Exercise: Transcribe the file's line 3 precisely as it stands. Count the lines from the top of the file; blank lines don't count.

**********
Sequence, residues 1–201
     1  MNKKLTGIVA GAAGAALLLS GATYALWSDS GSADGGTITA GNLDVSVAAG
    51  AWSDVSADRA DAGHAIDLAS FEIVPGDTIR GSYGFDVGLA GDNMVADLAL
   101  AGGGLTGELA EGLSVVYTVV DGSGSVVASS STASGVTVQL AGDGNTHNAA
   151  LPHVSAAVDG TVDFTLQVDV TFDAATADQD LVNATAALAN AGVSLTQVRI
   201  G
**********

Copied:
    51  AWSDVSADRA DAGHAIDLAS FEIVPGDTIR GSYGFDVGLA GDNMVADLAL